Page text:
Facebook has done it again. When I think I have no ideas for a blog post, some Facebook exchange with a stranger will remind me of something in my past to write about. The post was a Ukranian girl sitting in a window, holding a weapon. The caption said, “While American tweens are playing with Barbies . . .”
I responded that tween girls don’t play with Barbies. Little girls play with Barbies. Then a stranger shot back that Tweens are little girls. Then I responded with, “I meant 3-6 year old girls.”
That jolted a memory of my youngest daughter in kindergarten. She had a whole bunch of Barbie dolls and played with them regularly . . . until Maddie, the cutest boy in class, got wind of if. He didn’t approve of Barbie dolls. He told my daughter. This is what happened next.
“Mom, I don’t want my Barbie dolls anymore.”
“You don’t? Why not?”
“Because Maddie says Barbies are dumb.”
Actually, Barbies are dumb, because a real woman with those proportions would topple over from the huge breasts. Also, her pants would fall off, with no hips to hold them up. And don’t get me started on those eyes and blue eye shadow (the original Barbies). I had them as a kid, so I shared the tradition with my daughters.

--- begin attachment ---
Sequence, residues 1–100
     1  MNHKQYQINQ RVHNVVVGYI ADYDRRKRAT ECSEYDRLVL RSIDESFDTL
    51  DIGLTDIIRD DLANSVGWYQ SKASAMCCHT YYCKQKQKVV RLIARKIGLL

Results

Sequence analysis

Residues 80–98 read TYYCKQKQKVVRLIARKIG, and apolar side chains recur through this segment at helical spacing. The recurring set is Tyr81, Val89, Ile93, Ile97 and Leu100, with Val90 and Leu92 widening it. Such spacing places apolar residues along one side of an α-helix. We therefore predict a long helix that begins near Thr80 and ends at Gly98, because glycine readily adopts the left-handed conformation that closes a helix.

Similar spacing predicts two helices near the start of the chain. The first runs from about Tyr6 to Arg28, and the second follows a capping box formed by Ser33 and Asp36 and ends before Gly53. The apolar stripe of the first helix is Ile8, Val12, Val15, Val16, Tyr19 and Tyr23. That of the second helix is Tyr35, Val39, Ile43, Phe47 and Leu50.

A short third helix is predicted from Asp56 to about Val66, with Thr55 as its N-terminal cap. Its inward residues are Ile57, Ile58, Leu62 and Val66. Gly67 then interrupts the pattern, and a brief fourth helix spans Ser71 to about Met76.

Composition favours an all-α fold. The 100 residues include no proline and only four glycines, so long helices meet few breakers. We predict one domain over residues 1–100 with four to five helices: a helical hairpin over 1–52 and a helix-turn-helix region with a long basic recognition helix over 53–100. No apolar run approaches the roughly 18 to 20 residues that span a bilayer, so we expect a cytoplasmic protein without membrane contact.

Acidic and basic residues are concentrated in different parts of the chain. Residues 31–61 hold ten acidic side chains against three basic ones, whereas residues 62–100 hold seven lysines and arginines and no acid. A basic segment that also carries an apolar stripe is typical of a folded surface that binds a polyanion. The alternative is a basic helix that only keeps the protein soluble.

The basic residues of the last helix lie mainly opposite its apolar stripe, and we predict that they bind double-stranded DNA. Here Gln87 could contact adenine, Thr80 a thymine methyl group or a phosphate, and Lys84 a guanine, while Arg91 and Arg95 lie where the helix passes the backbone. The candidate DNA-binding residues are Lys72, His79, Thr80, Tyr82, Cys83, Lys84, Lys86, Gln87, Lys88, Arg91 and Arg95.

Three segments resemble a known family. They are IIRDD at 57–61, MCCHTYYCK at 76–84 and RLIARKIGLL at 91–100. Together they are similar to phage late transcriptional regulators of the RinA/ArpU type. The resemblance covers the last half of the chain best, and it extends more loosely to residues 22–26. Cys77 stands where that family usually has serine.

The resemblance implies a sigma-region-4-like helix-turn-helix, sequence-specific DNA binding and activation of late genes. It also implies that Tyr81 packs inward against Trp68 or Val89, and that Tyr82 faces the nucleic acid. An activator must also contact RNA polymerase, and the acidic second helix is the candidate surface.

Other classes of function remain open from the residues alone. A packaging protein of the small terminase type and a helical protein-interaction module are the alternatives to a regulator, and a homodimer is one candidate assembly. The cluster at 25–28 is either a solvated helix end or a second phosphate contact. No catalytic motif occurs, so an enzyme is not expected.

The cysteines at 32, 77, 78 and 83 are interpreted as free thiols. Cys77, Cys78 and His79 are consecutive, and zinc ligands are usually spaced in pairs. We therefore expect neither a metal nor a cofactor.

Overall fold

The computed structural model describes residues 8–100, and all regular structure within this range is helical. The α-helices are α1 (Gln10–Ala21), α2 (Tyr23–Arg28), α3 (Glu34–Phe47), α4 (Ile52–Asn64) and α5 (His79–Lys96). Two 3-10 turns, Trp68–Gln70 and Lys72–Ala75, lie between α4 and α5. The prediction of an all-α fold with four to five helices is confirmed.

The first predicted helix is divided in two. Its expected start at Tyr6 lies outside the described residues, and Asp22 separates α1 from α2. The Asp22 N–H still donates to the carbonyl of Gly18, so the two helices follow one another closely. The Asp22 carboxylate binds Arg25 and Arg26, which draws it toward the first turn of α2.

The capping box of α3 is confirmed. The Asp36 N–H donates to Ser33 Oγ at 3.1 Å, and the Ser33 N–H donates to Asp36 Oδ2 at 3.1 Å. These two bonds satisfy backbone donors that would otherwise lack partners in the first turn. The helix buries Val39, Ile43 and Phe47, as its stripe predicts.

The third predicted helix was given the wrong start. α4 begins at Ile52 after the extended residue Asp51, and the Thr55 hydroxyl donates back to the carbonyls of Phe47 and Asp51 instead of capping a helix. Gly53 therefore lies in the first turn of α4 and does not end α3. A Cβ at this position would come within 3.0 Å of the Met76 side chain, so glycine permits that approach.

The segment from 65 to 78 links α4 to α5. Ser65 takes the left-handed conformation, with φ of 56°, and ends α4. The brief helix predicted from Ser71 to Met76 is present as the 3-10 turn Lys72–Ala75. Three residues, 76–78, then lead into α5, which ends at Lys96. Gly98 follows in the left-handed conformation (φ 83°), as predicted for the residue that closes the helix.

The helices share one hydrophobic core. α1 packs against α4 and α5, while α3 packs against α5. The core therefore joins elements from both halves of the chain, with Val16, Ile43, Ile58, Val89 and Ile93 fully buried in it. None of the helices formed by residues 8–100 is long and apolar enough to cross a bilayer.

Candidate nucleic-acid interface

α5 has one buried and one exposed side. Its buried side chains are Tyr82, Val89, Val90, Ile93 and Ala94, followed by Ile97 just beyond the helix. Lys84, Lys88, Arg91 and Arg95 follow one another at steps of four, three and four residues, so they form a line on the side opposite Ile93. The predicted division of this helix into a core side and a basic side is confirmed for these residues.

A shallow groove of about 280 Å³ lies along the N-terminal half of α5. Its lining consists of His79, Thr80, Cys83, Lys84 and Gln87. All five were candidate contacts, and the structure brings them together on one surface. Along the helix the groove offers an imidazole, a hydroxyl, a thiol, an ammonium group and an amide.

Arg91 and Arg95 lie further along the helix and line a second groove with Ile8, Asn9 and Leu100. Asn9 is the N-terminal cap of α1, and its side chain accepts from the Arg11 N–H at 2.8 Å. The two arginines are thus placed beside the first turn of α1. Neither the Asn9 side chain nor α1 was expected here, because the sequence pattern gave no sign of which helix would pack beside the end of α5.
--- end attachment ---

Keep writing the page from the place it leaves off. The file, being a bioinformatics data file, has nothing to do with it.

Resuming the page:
But I digress.
I gathered up her Barbies and told my youngest I would get rid of them. But instead of donating them, I put them in a box in the attic.
Maddie came over to play many times, and the two of them played with Pokemon and the middle child’s cars and trucks. Maddie and my youngest were adorable together. But then it was summer, and Maddie told us he was going to Catholic school the following year to repeat kindergarten. Apparently, he was too young to go to first grade at a parochial school.
Guess what? Suddenly my daughter wanted her Barbie dolls back. No longer having to appease her judgy friend, she felt free to play with the top-heavy fashion icon in plastic. I got them down from the attic, my child not even questioning why I still had them.
Fast forward twenty-some years. My daughter would no more compromise her principles to appease a man than she would borrow my clothes. She has grown into her feminist self, with a little help from her mom, sibs, and girlfriends.
We still have those Barbie dolls somewhere. They are wildly disproportionate, but who cares? They’re a part of her childhood, and she’s always had trouble letting go of that. As in, she’s not ready to be a boring adult. She cares about kids and how they think. These days, I put a collection of toys under my Christmas tree, only now they’re toys from my children’s childhood, like Teenage Mutant Ninja Turtles, action heroes, Barbie dolls, and Harry Potter dolls, too.
Why, you ask? I write children’s books, and I like to keep toys around to remind me what it’s like to be a kid. That’s my target audience. That’s who I write for.
Speaking of kids, I wonder what ever happened to Maddie.